I’m not a great expert on anime – I haven’t even seen a whole lot of classics – but I always enjoy a Miyazaki and often other things too. And the latest thing from this category I had a pleasure to encounter, I enjoyed a lot. (Also, some spoilers, as usual.)
Find it on: IMDb
What it is:
A 2016 Japanese animation that was apparently the highest grossing Japanese movie ever, or movie in Japan some time or anime – at least one of those. It made a ton of money, and with a good reason because it’s a beauty. It tells a story of two high school students, one from Tokyo, one from a tiny town, who start switching bodies and living one another’s lives. They also develop feelings for one another in the process and while this would be enough to make a movie, there’s a whole other twist to the story, which raises the stakes halfway through the movie.
How I found it:
Maybe IMDb recommended it but mostly it was R’s choice for a movie night.
I loved this movie. It looks so pretty and it makes you feel feelings.
Best things about it:
Its best part is the combination of lovely animation – particularly the detailed, painterly backgrounds – and the actually good, exciting story.
I cared for the main characters and when the time gap twist happens in the middle, it’s quite exciting and makes you root for the characters to succeed.
Worst things about it:
This is not at all the movie’s fault but I suppose it took away from my personal enjoyment a little bit: I feel like I might have missed some parts of the story due to my very subpar knowledge of the Japanese tradition and mythology. Again, it’s completely on me, of course. I did get the red string though.
✤ What sounds like a silly enough premise manages to become something emotional.
✤ The creators know what they’re doing. Sometimes the chopped chronology makes you think: This makes no sense, but in the end it turns out to make sense once you have more data. Impressive.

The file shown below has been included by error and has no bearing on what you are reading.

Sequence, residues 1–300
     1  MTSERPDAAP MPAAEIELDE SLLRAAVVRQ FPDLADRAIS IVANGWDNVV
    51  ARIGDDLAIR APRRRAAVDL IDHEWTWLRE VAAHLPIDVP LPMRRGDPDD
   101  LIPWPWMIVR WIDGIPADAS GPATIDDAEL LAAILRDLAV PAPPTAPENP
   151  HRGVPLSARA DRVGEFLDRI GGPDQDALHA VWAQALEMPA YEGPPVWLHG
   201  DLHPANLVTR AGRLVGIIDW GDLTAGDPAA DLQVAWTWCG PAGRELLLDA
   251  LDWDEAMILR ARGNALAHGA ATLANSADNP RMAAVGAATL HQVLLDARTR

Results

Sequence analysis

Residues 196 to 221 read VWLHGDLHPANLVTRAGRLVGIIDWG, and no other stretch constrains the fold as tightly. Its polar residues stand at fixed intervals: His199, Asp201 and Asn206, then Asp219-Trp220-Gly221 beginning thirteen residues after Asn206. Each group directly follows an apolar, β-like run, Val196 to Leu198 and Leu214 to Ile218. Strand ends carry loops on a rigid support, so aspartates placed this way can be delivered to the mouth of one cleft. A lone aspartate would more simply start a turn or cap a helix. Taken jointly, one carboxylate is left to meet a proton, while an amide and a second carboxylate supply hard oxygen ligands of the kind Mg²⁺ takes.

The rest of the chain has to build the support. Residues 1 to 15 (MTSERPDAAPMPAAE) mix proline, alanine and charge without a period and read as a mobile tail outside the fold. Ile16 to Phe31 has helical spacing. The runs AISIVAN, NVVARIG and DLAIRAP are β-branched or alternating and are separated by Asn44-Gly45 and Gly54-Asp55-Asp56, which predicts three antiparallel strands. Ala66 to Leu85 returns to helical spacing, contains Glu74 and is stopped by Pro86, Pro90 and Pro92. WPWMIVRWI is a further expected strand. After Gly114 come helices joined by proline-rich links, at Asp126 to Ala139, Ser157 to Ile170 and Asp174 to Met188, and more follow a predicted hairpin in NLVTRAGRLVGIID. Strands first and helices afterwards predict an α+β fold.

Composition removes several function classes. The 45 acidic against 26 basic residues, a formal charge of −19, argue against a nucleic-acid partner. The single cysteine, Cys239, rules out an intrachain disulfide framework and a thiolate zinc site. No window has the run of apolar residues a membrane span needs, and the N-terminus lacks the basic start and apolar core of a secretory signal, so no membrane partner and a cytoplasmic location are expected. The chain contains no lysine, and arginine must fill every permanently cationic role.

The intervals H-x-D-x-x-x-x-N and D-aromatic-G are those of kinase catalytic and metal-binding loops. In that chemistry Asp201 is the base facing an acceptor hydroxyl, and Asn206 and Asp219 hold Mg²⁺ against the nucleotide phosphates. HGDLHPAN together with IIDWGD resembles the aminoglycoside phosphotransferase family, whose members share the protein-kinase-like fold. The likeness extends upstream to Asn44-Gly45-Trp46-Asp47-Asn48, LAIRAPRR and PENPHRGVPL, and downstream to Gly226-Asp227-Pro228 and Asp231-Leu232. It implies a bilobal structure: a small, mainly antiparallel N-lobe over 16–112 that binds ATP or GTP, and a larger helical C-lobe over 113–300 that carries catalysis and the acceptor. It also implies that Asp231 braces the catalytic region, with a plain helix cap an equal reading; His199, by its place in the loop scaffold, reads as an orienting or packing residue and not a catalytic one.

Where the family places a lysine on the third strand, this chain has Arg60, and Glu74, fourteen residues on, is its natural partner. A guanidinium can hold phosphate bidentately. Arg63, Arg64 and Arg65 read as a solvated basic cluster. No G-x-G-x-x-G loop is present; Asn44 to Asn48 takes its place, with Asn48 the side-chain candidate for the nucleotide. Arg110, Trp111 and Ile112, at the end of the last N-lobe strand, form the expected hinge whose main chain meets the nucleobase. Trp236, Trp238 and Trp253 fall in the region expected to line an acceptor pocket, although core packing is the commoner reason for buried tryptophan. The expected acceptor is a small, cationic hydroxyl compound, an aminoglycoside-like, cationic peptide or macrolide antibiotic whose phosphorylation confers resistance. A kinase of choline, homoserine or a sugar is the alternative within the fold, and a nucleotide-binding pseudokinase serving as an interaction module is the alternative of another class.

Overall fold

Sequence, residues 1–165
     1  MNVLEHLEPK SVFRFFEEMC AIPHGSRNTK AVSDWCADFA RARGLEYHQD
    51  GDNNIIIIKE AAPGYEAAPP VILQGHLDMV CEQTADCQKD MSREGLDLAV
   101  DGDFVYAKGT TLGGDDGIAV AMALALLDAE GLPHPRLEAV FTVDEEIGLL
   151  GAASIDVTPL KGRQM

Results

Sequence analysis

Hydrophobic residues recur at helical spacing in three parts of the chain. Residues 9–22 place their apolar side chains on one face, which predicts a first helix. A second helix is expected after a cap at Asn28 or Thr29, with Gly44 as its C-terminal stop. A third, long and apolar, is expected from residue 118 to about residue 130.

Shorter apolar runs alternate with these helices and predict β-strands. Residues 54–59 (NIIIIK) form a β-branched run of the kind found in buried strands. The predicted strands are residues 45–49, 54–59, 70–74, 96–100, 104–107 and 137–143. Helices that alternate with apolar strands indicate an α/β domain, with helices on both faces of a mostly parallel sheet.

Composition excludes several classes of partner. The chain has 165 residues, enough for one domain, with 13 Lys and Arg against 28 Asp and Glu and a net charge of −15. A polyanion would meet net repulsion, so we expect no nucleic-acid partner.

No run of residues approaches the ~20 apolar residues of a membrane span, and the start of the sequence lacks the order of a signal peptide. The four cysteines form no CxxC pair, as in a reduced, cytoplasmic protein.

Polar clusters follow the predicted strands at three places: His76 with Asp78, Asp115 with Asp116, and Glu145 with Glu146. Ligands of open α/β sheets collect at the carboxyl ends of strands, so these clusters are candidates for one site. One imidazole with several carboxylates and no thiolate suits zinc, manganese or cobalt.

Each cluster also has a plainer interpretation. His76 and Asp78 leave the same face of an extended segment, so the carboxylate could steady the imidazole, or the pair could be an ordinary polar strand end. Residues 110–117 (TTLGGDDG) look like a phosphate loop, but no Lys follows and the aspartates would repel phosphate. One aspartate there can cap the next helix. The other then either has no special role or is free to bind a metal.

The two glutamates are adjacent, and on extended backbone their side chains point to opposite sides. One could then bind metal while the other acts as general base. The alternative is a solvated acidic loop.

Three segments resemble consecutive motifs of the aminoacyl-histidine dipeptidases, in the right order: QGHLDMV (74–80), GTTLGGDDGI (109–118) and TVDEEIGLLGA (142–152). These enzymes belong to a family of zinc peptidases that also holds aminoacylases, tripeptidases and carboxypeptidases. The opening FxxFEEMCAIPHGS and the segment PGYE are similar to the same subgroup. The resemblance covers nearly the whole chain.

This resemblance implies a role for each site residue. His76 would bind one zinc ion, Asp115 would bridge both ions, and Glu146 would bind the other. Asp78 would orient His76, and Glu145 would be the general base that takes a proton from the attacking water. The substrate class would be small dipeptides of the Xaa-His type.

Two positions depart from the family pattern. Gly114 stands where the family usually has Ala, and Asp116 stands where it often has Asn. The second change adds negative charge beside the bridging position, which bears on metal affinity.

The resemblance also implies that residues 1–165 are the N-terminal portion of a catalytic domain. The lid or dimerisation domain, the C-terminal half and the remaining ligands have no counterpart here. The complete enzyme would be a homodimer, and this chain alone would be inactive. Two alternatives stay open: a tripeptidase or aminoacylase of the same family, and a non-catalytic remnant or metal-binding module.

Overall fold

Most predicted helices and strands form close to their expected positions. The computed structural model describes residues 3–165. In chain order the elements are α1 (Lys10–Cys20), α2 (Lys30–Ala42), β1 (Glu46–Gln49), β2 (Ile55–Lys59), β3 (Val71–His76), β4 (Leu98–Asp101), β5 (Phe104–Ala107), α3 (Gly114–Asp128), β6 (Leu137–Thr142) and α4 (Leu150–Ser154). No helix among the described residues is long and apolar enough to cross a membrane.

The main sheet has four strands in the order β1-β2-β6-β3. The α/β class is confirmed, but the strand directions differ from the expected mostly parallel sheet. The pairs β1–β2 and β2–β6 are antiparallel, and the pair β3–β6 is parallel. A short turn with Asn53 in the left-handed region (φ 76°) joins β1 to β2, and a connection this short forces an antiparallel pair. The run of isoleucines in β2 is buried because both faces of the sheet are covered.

✤ I liked some background characters, particularly Mitsuha’s friend.
✤ The contrast between metropolitan and rural territories works great, without overly idealizing one over the other.
✤ The fantastical element is very subtle, it doesn’t hijack the story into a different genre, and so it becomes pretty much mythical rather than just gimmicky.
✤ Maybe the “your name is” yelling happened one or two times too many. That’s me nitpicking though, not a great habit.
✤ I can see how some of the jokes might be a bit uncomfortable, particularly the one with breasts.
✤ I didn’t love the music but it barely matters.
How it enriched my life:
It surprised me how much I liked it. It also gave me a blurry idea of some Japanese customs I knew nothing about so that now I know very little about them.
The way I know about the red string of fate is because I used to read soooo many online comics and there was one that included this. (I didn’t read a lot of that one, though.)
I will return to it for sure and I’ll also check Makoto Shinkai’s other movies.
People who like anime and even those who are only lukewarm about it. Anybody who likes Japanese storytelling, particularly one involving many illustrations of trains and train tracks. Even fans of romantic comedies who don’t require them to be live action.
★ ★ ★ ★ ☆
Next time: The Marvelous Mrs. Maisel